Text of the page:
A consortium of education and technology groups released a new national framework Monday aimed at helping states bring computer science instruction into K-12 classrooms.
The framework offers a set of guidelines that state leaders and educators can use to develop their own set of standards, curriculum and instructional approaches in teaching computer science, according to Cameron Wilson, chief operating officer of Code.org.
Wilson announced the K-12 Computer Science Framework at a national State Education Technology Directors Association summit in National Harbor, Maryland.
Code.org helped developed the framework along with the Association for Computing Machinery, Computer Science Teachers Association, Cyber Innovation Center and National Math and Science Initiative. The initiative also received support from Google, Apple, Amazon, Microsoft and Accenture and a variety of education organizations.
Several factors have played into the need for a more formalized approach to computer science education in schools today, Wilson said.
“School districts and entire states have realized, regardless of what career path a student takes, computer science is foundational” to a wide range of jobs and can be applied in many fields, he said.
“They also recognize that exposing kids early on to computer science puts them on the path to the highest paying jobs in the market,” he said.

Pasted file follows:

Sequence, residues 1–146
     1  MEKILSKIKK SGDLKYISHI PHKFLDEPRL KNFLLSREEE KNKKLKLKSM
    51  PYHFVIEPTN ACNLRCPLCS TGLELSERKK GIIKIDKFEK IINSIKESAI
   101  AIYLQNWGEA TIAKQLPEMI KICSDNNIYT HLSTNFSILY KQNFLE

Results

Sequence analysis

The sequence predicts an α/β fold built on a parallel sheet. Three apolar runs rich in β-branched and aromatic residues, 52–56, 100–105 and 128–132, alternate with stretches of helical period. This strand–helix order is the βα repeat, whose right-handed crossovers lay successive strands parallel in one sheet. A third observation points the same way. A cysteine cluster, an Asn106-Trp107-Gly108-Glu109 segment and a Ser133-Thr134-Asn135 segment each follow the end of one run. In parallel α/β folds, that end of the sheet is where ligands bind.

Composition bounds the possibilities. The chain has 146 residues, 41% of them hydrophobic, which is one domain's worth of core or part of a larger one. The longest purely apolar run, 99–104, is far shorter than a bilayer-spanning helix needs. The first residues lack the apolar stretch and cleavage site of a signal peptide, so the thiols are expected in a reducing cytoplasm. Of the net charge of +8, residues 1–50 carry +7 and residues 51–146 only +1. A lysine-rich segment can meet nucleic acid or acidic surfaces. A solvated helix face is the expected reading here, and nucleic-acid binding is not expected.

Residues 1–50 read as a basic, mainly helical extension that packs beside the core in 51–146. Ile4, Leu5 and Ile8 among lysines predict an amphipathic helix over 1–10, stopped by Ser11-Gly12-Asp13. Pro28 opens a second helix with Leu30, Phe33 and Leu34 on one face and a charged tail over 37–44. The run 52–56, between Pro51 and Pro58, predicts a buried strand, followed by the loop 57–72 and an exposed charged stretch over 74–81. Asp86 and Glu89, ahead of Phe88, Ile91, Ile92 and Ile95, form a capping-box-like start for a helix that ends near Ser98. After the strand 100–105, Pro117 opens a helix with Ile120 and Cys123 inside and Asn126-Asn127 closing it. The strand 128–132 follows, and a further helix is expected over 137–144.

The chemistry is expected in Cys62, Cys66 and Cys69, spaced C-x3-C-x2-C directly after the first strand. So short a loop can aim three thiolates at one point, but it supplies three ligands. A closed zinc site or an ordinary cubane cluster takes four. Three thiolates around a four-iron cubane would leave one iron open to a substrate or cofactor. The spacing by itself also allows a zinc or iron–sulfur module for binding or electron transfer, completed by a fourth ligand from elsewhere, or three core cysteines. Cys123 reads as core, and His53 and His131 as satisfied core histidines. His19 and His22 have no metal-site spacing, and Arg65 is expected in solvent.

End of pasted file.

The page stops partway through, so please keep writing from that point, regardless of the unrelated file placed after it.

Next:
State and school officials, however, have struggled to find a place in the curricula to teach computer science, as well as teachers who are qualified or willing to teach it.
Fewer than half of U.S. schools offer a meaningful computer science course that includes programming, according to a Gallup survey conducted in 2015. And many of those classes fail to attract a diverse population.
While organizations like Code.org have helped raise attention about the need for computer science instruction, state officials said they needed more help developing curricula and instructional strategies, Wilson told EdScoop.
That led Code.org, which has trained more than 43,000 teachers to teach computer science, to begin work nearly a year ago with a variety of organizations to develop the guide for education leaders that was released Monday.
The framework avoids establishing standards, Wilson said, and instead gives guidance on how K-12 schools can engage in computer science issues, approach problems in innovative ways and create computational artifacts with a personal, practical, or community purpose.
The framework represents the work of 27 writers and 25 advisors representing states and districts from across the nation, and was reviewed by hundreds of teachers, researchers, higher education faculty, industry stakeholders and informal educators, according to the framework’s producers.